What Can “Undercover Boss” Teach Us About Frontline Leadership?

Written by Mark Burton-Brown

Mark founded Engagement Partners in January 2016. Before this, he worked in senior international leadership roles for large multinationals such as Schneider Electric, Rexel, Carter Holt Harvey, and Fonterra.

Undercover Boss is a TV show where bosses work in disguise alongside their employees. It’s an opportunity for them to truly experience the front line leadership within their organization, and to discover how this is impacting the engagement of their employees.

The bosses get a makeover that almost makes them unrecognizable. They usually attempt several jobs and struggle to perform them as well as their employees. It gives them a reality check about what is going on at the frontline of their organization.

We’ve all heard managers say… “My most important asset is my people.”

Take a fast food restaurant, for example. What kind of business would they have if their staff were rude and slow to serve their customers? They wouldn’t have a business.

The power of frontline leadership
Up to 70% of an employee’s performance is driven by their direct manager. This is purely because frontline leaders are the people your employees interact with the most.

Considering the power of their influence and control, it is very surprising that many organizations place a low priority on the leadership development of their frontline managers. They often invest most in the development of their top-level management.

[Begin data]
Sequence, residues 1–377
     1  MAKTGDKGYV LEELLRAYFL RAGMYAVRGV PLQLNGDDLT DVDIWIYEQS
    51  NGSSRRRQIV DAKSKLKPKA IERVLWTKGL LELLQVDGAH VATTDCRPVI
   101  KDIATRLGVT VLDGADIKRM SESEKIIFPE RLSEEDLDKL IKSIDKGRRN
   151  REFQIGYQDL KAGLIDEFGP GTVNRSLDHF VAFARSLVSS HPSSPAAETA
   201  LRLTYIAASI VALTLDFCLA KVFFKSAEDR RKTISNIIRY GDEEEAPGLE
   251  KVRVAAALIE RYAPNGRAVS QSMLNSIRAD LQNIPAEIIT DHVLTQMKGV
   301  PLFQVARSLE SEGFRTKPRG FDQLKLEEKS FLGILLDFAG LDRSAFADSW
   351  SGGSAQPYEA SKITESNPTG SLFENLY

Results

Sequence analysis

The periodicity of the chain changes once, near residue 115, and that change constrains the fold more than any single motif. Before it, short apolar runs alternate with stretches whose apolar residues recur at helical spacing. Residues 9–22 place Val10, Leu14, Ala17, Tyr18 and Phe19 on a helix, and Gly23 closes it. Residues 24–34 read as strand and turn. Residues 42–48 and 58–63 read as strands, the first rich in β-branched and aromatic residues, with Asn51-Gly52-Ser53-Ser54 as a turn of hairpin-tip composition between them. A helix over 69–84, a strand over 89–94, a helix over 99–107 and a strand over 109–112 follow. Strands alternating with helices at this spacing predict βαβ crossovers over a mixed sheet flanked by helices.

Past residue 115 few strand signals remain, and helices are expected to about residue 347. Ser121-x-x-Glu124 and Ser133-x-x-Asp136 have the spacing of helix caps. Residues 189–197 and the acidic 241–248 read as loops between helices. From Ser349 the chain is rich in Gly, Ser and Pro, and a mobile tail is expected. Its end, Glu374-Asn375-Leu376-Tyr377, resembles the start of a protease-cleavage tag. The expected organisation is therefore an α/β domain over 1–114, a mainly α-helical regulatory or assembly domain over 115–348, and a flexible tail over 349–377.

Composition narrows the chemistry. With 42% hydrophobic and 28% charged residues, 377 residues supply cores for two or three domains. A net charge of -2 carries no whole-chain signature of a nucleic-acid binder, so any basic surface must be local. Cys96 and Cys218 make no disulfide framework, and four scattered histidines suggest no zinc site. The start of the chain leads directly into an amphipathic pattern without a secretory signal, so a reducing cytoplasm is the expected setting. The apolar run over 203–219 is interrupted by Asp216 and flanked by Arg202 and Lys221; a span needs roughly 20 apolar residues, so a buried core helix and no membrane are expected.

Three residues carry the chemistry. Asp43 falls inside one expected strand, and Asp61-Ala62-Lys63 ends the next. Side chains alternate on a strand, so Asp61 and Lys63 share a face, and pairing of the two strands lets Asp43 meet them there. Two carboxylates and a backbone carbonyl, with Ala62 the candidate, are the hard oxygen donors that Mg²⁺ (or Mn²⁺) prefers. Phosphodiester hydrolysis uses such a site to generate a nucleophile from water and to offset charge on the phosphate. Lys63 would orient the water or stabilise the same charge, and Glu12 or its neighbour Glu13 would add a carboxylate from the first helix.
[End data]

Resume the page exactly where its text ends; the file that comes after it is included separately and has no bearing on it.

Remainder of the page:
As a result, many frontline managers do not have the appropriate level of training and development to manage their team to their full potential – the consequence is low productivity of frontline teams.

Securing commitment and discretionary effort
An employee has two types of commitment to their job — rational and emotional.

Rational commitment is when they stay because they believe it is in the best interest of their career and financial goals.

Emotional commitment is when they work above and beyond what is required because they feel valued and believe their work is important. This extra effort is called discretionary effort.

An effective frontline leader is one who improves the level of employees’ discretionary effort by nurturing an emotional commitment. So how is this done?

Leading from the front
Frontline leaders must engage, talk with and listen to their employees.

The Undercover Bosses usually demonstrate this very well – taking the time to engage with the people they work alongside. From these interactions, they learn about their employees and at the show’s climax, when all is revealed, a clear message is sent: their efforts and opinions are highly valued.

When the employees realize they will be rewarded for their good work, and some of their ideas will be implemented, their delight is profound, and they are extremely willing to put in the extra discretionary effort!

Relationships matter
How a leader interacts with their people plays a large role in determining how their people perceive them. Their relationships directly impacts their ability to influence and lead them.

A leader must have the awareness and skills to take action and build relationships by spending time with employees and taking an interest in them and their work.

A leader’s power lies within their employees. An effective leader gets people to work well because they want to. They foster emotional commitment, which results in happier and more productive employees — just like on the Undercover Boss.


If you would like to discuss how we could help you to improve the commitment of your sales team, please feel welcome to contact us at Engagement Partners.